You'll go further with a Tiger in your tank

Investment tourists: South-east Asian markets could eclipse the financial centres of the West

As the sun rises over the river, groups of people appear, blinking in the smog, to begin their tai ji quan - the daily ritual exercise of body and mind that looks like a balletic slow-motion martial art. But the peace is soon shattered by thousands, if not millions, of cyclists heading to work.

This is Shanghai, a fast-growing city of 13 million that has shaken off both its colonial past and the more recent legacy of Mao's cultural revolution to become the business capital of China.

The legacy of the old can still be found in the fading glory of the Cathay Hotel, now known as the Peace Hotel, where Noel Coward wrote Brief Lives.

The new face of Shanghai is across the river at the Xin Zhong Hua factory, which has two contrasting product lines: refrigerators and space rockets.

It is just one of the Asian cities that, according to Garnet Harrison, of investment manager Newport Capital, is likely to eclipse London and New York as a centre of world trade and business during the next century.

"The figures speak for themselves," says Mr Harrison, as he reels off an impressive battery of statistics on the fast-growing economies of south- east Asia. "Economic growth and prosperity are driven by demographics. It doesn't matter how clever you are, or how much tradition and culture are on your side. If the numbers are against you, you lose.

"Start with this simple thought: 75 per cent of the world's population lives within four hours' flying time of Hong Kong or Shanghai."

Within any population, the most active economic group consists of men aged between 18 and 44. In western Europe today, that group numbers 69 million. By 2050 it will be down to 45 million. But in Asia, the figures are going in the opposite direction. In Indonesia, for example, the number will grow from 48 million today to 63 million over the same period.

Recently, the World Bank forecast that by the end of the century the Chinese economy would be bigger than western Europe and five years later would have overtaken the US.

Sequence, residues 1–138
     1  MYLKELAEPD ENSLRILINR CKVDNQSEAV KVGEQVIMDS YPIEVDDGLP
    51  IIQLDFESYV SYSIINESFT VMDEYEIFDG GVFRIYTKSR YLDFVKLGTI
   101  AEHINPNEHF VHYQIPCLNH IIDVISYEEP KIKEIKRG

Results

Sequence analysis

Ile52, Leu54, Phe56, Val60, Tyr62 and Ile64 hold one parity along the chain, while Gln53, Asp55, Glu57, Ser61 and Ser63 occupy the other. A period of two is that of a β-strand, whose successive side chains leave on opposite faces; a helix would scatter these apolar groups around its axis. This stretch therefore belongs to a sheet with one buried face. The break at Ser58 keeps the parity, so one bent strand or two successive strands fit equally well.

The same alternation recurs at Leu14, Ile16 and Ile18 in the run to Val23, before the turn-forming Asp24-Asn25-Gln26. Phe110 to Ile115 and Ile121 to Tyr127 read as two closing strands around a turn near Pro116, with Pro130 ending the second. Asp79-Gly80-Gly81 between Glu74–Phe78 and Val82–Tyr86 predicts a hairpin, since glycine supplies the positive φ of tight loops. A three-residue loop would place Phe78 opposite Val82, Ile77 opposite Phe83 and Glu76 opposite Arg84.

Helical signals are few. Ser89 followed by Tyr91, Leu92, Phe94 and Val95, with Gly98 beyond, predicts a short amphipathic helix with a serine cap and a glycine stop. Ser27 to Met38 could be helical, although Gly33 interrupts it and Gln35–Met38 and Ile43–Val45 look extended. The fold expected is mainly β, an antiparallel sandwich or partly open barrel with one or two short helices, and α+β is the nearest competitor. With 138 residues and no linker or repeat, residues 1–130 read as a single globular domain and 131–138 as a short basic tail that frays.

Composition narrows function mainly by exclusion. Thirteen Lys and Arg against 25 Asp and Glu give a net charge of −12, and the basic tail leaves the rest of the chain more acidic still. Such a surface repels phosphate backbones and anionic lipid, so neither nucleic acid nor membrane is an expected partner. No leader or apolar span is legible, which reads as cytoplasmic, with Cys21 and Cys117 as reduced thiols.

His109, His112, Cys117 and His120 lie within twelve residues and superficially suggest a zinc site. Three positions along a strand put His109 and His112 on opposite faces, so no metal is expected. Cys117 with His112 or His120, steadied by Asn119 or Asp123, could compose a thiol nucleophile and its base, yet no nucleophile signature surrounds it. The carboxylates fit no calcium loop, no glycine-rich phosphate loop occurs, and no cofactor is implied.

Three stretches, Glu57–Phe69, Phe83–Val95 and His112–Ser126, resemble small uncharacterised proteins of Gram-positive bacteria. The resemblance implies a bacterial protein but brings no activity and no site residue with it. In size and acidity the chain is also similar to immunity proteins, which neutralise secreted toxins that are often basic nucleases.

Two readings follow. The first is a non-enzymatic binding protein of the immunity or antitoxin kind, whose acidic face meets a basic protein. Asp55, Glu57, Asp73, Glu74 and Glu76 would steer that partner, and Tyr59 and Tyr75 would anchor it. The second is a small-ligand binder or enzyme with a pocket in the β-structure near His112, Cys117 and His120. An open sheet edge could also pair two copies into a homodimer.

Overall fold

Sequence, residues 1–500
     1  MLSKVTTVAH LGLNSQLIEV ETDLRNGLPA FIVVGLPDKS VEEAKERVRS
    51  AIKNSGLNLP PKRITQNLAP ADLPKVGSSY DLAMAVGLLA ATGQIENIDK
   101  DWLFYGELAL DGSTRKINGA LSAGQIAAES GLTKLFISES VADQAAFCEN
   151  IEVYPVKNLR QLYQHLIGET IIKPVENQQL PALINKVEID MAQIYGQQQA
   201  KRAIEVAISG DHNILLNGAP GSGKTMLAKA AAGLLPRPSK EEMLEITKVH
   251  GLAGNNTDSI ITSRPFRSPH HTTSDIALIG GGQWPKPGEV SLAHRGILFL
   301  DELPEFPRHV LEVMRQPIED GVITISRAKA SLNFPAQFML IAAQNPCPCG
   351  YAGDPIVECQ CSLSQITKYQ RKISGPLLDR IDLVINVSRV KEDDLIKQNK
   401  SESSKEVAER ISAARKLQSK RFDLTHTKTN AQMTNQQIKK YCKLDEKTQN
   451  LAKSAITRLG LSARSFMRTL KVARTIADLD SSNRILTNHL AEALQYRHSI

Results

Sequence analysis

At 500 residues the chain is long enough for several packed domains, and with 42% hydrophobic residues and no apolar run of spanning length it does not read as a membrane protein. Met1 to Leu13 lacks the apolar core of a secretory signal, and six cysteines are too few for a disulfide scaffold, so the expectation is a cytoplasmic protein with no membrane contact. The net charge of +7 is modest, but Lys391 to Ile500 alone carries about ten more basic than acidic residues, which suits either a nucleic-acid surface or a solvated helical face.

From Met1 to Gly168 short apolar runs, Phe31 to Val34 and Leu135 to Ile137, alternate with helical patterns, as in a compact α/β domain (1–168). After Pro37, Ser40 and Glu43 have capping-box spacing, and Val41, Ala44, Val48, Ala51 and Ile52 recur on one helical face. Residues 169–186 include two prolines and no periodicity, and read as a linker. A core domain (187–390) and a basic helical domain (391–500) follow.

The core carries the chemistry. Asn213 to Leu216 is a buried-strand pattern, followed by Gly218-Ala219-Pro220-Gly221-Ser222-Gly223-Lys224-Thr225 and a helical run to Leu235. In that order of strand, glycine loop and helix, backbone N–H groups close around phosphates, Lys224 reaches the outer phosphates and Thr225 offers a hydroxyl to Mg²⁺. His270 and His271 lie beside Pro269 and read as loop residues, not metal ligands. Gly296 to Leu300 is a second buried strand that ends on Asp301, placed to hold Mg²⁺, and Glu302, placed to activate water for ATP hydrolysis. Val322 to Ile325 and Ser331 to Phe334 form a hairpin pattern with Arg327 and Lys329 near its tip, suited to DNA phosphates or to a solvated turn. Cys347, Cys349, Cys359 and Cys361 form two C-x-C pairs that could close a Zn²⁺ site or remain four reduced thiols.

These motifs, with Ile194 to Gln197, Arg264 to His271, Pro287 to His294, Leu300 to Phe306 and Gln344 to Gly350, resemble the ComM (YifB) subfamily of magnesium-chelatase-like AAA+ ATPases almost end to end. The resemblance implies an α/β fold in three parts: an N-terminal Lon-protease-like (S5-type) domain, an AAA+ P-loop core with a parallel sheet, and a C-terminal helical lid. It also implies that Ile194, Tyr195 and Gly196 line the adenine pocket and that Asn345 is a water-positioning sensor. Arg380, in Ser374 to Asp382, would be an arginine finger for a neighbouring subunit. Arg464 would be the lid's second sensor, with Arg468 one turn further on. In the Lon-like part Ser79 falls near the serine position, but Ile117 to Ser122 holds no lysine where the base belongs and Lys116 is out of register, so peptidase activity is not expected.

Mr Harrison says faster growth has already prompted higher stock-market returns. Over the past 10 or 15 years stock markets in Europe and the US have given real returns (after inflation) averaging less than 10 per cent a year, compared with 15 per cent-plus from Hong Kong, Korea and Taiwan.

Newport, a London-based fund manager whose major shareholder is the $45bn (pounds 29bn) Liberty group of the US, specialises in the so-called Tiger economies of Asia, and Mr Harrison is convinced that these countries should feature in every investor's portfolio. He has strong words for those who see investing in the Tigers as a high-risk strategy.

"The problem is that the investment culture in the UK has become one of risk aversion. The investment market, which funded the growth of the world's great trading names, built railways across South America, and in fact financed the development of whole continents, has become frightened of anything beyond its own backyard."

Hong Kong accounts for a hefty slice of Newport's funds, and Mr Harrison shrugs off fears about the impact on business of next year's handover of the Crown Colony to Peking. "It is difficult for British investors to be objective about Hong Kong because they have a lot of emotional capital tied up in it," he says. "We take a more objective view, partly because of our American origins, and partly because of our close involvement in the region.

"The truth is that, in commercial terms, the two have already merged - and the marriage works. Hong Kong companies have invested heavily in the mainland and Chinese companies have invested equally heavily in Hong Kong."

But, Mr Harrison adds, Asian markets are known for their volatility. He emphasises that investment in the region must be for the long term. And the way in? That is through the range of unit and investment trusts specialising in the region and offered by most big-name London investment managers. Schroder and Flemings are two of the most well-known with reputations in Asian investment.

q For investors looking at Far Eastern markets, a useful starting place is "Asia's Investment Prophets" (pounds 20, Century Business Books) by Claire Barnes.

A Tale of Two Chinas

MORE cyclists are killed on China's roads than motorists - 372 last year in Shanghai alone - but the gap is narrowing fast since the number of cars in private ownership doubles every three years.

The Chinese economy is growing at 11 per cent annually. But GDP per head remains low, at about pounds 350. By contrast, economic growth in Taiwan, 100 miles offshore, is slower, at about 6.6 per cent, but GDP per head has already passed pounds 7,000. The "two Chinas" remain at loggerheads, but the government in Taipei is now trying to mend fences with Peking after harsh words earlier this year.

An upsurge of Western investment in the Taipei stock market is expected next year when the exchange introduces a late-afternoon trading session. Since there is an eight-hour time difference, this means that early-bird stockbrokers in London will be able to execute trades in Taipei before the market there closes.

Suggested Topics